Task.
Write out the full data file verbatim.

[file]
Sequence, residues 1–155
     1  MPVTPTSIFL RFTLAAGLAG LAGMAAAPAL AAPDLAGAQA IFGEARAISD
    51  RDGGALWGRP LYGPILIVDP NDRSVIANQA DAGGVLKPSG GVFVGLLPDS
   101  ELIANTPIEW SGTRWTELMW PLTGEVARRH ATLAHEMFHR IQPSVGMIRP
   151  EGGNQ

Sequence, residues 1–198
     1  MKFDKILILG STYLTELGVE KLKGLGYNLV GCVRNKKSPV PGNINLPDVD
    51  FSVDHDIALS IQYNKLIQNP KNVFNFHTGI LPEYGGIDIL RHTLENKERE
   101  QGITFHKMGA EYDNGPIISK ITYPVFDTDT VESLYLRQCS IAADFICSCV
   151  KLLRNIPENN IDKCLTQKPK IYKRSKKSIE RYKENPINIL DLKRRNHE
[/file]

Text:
Sequence, residues 1–155
     1  MPVTPTSIFL RFTLAAGLAG LAGMAAAPAL AAPDLAGAQA IFGEARAISD
    51  RDGGALWGRP LYGPILIVDP NDRSVIANQA DAGGVLKPSG GVFVGLLPDS
   101  ELIANTPIEW SGTRWTELMW PLTGEVARRH ATLAHEMFHR IQPSVGMIRP
   151  EGGNQ

Sequence, residues 1–198
     1  MKFDKILILG STYLTELGVE KLKGLGYNLV GCVRNKKSPV PGNINLPDVD
    51  FSVDHDIALS IQYNKLIQNP KNVFNFHTGI LPEYGGIDIL RHTLENKERE
   101  QGITFHKMGA EYDNGPIISK ITYPVFDTDT VESLYLRQCS IAADFICSCV
   151  KLLRNIPENN IDKCLTQKPK IYKRSKKSIE RYKENPINIL DLKRRNHE